History of Women in America

  • The first sexually integrated jury hears cases in Albany, New York.
  • The first women's rights convention is held in Seneca Falls, New York. After 2 days of discussion and debate, 68 women and 32 men sign a Declaration of Sentiments, which outlines grievances and sets the agenda for the women's rights movement. A set of 12 resolutions is adopted calling for equal treatment of women and men under the law and voting rights for women.
  • The first National Women's Rights Convention takes place in Worcester, Mass., attracting more than 1,000 participants. National conventions are held yearly (except for 1857) through 1860.
  • Susan B. Anthony and Elizabeth Cady Stanton form the National Woman Suffrage Association. The primary goal of the organization is to achieve voting rights for women by means of a Congressional amendment to the Constitution. Susan B. Anthony
    Lucy Stone, Henry Blackwell, and others form the American Woman Suffrage Association. This group focuses exclusively on gaining voting rights for women through amendments to individual state constitutions.

    The territory of Wyoming passes the first women's suffrage law. The following year, women begin serving on juries in the territory.
  • Bradwell v. Illinois, 83 U.S. 130 (1872): The U.S. Supreme Court rules that a state has the right to exclude a married woman (Myra Colby Bradwell) from practicing law.Myra Colby Bradwell
  • Minor v. Happersett, 88 U.S. 162 (1875): The U.S. Supreme Court declares that despite the privileges and immunities clause, a state can prohibit a woman from voting. The court declares women as “persons,” but holds that they constitute a “special category of _nonvoting_ citizens.”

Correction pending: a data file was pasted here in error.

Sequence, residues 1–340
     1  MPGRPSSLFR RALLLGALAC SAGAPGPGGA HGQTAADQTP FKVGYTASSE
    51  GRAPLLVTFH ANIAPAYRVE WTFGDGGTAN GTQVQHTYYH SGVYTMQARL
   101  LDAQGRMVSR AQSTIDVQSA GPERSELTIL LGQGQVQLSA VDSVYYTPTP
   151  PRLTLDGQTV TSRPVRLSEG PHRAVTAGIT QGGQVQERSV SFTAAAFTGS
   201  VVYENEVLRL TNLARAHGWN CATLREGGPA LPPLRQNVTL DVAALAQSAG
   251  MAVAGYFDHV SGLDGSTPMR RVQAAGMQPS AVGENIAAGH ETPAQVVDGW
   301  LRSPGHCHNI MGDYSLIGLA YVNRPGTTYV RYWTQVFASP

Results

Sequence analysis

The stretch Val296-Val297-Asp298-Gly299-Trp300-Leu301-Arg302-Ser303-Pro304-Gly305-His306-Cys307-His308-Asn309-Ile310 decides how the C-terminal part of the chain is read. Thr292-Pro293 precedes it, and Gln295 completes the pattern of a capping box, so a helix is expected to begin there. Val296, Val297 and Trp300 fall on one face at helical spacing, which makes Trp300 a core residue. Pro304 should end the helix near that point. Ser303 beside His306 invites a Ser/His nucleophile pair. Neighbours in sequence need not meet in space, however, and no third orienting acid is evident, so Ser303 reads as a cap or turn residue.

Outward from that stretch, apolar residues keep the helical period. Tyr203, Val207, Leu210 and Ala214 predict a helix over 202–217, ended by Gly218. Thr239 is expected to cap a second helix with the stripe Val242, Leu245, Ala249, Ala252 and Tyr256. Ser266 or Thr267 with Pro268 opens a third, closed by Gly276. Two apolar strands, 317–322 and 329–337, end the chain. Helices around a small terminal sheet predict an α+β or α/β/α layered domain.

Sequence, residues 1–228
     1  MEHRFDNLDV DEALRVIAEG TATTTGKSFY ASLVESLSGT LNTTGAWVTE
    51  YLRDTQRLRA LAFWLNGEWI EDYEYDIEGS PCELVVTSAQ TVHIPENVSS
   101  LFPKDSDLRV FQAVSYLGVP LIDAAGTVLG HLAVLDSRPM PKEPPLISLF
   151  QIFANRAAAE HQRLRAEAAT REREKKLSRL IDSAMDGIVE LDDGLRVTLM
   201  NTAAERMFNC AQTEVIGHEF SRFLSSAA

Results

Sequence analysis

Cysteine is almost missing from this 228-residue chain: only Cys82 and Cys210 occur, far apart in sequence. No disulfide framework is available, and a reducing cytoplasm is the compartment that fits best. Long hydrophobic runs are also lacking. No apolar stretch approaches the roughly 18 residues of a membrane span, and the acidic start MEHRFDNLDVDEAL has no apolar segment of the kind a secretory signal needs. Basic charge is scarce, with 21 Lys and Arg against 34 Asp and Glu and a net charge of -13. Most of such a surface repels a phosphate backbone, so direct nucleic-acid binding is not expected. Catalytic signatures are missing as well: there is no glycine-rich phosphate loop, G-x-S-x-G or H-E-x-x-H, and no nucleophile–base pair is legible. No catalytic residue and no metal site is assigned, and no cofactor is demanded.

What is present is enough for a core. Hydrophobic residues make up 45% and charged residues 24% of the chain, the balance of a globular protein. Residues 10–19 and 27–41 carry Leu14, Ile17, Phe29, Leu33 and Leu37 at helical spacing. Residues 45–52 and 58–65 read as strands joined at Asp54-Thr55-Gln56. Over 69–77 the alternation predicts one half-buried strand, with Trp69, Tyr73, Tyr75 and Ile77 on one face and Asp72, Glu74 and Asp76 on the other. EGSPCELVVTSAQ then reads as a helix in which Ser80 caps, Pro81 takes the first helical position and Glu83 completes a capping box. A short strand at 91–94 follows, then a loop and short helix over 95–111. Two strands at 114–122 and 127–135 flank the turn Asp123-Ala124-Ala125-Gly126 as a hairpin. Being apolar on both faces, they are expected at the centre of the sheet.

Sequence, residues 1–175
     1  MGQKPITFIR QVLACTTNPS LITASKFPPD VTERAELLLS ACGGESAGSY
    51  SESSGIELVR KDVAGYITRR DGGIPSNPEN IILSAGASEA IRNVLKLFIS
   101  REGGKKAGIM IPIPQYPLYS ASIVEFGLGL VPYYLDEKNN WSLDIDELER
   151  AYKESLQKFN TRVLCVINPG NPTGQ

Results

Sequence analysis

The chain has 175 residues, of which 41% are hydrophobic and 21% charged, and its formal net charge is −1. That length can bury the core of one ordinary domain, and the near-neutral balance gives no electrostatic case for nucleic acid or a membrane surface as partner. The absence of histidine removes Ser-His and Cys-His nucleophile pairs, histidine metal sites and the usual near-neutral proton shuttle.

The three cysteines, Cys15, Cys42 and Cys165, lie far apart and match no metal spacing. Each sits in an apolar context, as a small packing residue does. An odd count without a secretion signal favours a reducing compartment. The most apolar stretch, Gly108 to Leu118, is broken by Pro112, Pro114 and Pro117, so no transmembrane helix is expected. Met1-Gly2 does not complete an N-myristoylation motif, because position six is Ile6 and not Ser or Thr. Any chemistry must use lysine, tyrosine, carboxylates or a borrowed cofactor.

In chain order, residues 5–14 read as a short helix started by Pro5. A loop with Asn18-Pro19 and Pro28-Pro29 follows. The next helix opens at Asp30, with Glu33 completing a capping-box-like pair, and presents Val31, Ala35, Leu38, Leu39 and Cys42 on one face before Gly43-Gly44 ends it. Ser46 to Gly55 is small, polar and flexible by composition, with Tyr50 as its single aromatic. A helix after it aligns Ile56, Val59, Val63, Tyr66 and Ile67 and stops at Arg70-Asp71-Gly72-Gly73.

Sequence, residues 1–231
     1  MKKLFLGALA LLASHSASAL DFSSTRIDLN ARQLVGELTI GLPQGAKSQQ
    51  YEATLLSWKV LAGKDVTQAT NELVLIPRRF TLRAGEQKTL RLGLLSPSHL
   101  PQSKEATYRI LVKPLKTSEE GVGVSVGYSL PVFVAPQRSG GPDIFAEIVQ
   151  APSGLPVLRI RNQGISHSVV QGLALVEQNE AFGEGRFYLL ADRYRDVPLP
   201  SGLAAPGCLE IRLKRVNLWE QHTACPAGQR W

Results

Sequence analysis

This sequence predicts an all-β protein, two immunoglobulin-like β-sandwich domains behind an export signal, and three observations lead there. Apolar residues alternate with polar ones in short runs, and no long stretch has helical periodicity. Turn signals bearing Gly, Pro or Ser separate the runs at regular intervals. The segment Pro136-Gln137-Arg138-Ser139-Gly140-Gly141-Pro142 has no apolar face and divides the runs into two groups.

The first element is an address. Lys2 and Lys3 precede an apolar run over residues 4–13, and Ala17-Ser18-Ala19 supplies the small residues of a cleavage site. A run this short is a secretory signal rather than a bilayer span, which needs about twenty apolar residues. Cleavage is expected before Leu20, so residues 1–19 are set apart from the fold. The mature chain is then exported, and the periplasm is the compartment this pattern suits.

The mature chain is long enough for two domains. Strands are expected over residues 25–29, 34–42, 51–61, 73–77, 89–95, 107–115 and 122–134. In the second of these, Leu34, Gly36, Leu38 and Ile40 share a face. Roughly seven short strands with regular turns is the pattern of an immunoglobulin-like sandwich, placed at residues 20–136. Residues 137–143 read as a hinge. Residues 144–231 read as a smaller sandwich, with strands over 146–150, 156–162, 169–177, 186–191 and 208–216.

• The National Women Suffrage Association and the American Women Suffrage Association merge to form the National American Woman Suffrage Association (NAWSA). As the movement's mainstream organization, NAWSA wages state-by-state campaigns to obtain voting rights for women.

    The first state (Wyoming) grants women the right to vote in all elections.
  • Colorado is the first state to adopt an amendment granting women the right to vote. Utah and Idaho follow suit in 1896, Washington State in 1910, California in 1911, Oregon, Kansas, and Arizona in 1912, Alaska and Illinois in 1913, Montana and Nevada in 1914, New York in 1917; Michigan, South Dakota, and Oklahoma in 1918.
  • The National Association of Colored Women is formed, bringing together more than 100 black women's clubs. Leaders in the black women's club movement include Josephine St. Pierre Ruffin, Mary Church Terrell, and Anna Julia Cooper.
  • By now, every state has passed legislation modeled after New York’s Married Women’s Property Act (1848), granting married women some control over their property and earnings.
  • Muller v. State of Oregon, 208 U.S. 412 (1908): The U.S. Supreme Court upholds Oregon’s 10-hour workday for women. The win is a two-edged sword: the protective legislation implies that women are physically weak.Muller v OregonMuller v Oregon
  • The National Women's Trade Union League (WTUL) is established to advocate for improved wages and working conditions for women.
  • Alice Paul and Lucy Burns form the Congressional Union to work toward the passage of a federal amendment to give women the vote. The group is later renamed the National Women's Party. Members picket the White House and practice other forms of civil disobedience.
  • Margaret Sanger opens the first U.S. birth-control clinic in Brooklyn, N.Y. Although the clinic is shut down 10 days later and Sanger is arrested, she eventually wins support through the courts and opens another clinic in New York City in 1923.